Minneapolis, MN – Thousands turned out to march through the streets of south Minneapolis against the United States practice of separating children from their families at the Mexico-US border. The start time of the event was pushed back a half hour due to a fierce thunderstorm that rolled through at 2 p.m.
Unicorn Riot was live from south Minneapolis:
One participant Avery who grew up in Texas near the border said that what’s going on “is an atrocity, in that children that I personally know are being affected & ripped away from their families, just because they’re coming from across a fake line.”
“I grew up in #Texas, on the border.
What’s going on is an atrocity, in that children that I personally know are being affected & ripped away from their families, just bc they’re coming from across a fake line.”
— Unicorn Riot (@UR_Ninja) July 1, 2019
When our host Georgia asked how the issue could be resolved, Avery responded, “I’d say, abolishing ICE; re-looking at how we manage our borders; re-considering them entirely because, frankly, the fact that we can justify concentration camps because of a fake line suggests that maybe we should re-consider it as a whole.”
Sudanese-American protester Ali was out protesting the Muslim Ban at the #StopSeparatingFamilies anti-ICE march, as well as spreading awareness about the uprising taking place in Sudan.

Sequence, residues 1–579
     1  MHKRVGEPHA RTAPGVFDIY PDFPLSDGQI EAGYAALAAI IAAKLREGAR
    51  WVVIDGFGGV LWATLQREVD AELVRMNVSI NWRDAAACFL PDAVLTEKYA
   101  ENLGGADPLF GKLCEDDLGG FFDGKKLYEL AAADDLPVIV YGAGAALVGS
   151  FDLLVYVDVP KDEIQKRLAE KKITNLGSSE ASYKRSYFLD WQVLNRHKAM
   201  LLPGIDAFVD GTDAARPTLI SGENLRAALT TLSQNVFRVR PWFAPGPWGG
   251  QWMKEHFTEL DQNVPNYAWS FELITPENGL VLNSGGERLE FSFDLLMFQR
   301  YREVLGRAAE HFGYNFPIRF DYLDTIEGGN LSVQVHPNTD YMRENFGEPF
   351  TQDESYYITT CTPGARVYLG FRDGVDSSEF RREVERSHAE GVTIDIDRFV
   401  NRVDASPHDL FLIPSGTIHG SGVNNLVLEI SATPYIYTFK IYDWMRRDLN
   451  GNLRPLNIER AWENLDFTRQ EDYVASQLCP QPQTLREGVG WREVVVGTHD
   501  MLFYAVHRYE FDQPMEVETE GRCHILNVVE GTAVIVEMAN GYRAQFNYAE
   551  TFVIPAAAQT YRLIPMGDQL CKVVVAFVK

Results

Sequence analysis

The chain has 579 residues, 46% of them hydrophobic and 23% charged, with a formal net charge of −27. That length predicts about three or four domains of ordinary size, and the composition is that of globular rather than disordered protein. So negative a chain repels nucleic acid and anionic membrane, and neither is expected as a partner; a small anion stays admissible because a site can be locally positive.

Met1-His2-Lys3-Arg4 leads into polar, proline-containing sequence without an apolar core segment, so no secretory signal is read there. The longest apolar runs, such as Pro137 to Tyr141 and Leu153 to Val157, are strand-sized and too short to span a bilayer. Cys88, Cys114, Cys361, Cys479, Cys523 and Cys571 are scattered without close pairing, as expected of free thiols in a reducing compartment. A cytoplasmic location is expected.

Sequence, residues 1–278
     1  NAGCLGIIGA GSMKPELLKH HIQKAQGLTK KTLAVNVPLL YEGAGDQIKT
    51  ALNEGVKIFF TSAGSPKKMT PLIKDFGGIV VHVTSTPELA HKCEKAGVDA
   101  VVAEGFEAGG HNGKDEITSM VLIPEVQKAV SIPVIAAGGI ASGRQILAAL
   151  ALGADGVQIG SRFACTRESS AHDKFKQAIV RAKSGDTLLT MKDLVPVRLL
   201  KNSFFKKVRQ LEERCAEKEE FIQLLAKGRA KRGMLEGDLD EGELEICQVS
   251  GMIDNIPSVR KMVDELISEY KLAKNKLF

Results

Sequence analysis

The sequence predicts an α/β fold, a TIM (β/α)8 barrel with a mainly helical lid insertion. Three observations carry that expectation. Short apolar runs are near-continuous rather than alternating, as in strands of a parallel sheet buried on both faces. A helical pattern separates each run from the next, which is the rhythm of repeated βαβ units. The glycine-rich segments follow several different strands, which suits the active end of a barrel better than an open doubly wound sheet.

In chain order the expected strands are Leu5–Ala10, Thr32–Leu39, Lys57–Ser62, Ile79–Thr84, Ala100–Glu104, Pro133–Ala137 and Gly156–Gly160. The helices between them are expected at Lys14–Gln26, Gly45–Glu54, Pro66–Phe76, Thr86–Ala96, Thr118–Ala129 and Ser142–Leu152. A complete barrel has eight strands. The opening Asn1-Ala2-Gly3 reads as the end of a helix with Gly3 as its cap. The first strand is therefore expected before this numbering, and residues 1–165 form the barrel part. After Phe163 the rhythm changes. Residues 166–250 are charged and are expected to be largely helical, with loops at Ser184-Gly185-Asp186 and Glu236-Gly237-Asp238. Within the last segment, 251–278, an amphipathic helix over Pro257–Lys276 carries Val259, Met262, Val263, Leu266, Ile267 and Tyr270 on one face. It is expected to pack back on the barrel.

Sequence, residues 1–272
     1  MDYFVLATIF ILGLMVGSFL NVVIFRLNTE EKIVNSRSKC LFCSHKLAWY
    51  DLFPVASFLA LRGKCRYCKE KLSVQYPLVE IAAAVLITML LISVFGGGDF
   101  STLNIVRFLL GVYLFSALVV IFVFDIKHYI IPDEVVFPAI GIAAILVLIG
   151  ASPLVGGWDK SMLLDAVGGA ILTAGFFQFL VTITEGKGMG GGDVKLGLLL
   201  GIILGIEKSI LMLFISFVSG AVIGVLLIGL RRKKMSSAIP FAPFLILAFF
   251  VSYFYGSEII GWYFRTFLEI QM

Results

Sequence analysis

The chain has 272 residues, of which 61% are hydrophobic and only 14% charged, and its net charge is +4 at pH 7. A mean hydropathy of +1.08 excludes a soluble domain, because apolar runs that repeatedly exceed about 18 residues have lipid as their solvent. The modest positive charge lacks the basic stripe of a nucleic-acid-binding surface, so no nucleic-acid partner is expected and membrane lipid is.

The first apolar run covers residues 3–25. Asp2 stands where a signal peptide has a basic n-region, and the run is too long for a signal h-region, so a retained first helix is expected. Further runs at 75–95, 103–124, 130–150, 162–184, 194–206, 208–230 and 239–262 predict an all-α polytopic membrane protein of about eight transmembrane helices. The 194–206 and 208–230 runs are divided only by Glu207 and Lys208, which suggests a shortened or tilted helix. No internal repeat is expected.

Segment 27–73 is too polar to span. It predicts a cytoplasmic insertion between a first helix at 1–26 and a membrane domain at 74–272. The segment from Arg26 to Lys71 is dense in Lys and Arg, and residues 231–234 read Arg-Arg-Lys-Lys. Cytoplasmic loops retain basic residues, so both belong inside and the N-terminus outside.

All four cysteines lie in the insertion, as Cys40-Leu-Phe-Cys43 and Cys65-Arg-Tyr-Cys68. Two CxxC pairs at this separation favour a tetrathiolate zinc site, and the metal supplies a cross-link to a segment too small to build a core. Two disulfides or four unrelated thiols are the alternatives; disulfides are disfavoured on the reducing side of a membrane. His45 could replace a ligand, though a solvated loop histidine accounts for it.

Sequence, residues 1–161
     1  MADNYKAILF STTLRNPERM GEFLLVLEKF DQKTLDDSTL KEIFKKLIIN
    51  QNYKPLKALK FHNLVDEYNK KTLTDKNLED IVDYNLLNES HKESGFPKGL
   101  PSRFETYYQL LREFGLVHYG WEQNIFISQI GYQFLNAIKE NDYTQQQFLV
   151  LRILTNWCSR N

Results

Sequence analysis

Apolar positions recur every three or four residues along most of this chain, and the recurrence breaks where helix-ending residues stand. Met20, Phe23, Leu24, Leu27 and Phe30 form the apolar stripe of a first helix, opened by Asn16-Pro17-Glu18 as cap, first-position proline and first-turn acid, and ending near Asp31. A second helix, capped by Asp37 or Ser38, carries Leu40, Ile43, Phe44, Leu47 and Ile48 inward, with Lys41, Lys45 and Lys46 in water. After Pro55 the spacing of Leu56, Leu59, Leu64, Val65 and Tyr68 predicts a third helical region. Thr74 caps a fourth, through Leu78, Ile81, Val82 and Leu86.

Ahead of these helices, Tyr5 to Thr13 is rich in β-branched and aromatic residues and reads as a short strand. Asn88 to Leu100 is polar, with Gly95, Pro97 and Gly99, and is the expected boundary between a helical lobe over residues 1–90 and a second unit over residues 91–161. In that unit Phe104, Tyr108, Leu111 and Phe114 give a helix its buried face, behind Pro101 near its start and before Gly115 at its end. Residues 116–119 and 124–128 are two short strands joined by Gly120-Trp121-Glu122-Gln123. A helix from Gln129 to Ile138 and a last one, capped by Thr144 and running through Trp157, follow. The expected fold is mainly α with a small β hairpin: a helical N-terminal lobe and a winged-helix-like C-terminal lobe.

At the #StopSeparatingFamilies march in #Mpls Ali spoke about the impacts of the #MuslimBan for #Sudanese ppl & the recent #KhartoumMassacre where 120+ protesters were killed by RSF/Janjaweed.
The #uprising in #Sudan has forced a power-sharing deal between civilian/military rule. pic.twitter.com/PRrF31SDYZ
— Unicorn Riot (@UR_Ninja) July 11, 2019
Chava Kohkoffel, a protester of Askenazi Jewish descent, had organized a variety of local Jewish activists to attend the march together in order to show unified opposition to the camps as a bloc of Jewish people.
— Unicorn Riot (@UR_Ninja) July 12, 2019
Chava explained the importance of taking a stand as an anti-Zionist Jew, “to place my traditions and values and diaspora in a Yiddish idea of doyekit which means, wherever you are… it means ‘hereness’; wherever you are, you’re fighting for liberation there.”
Click here to read through all our past coverage on immigration and border control.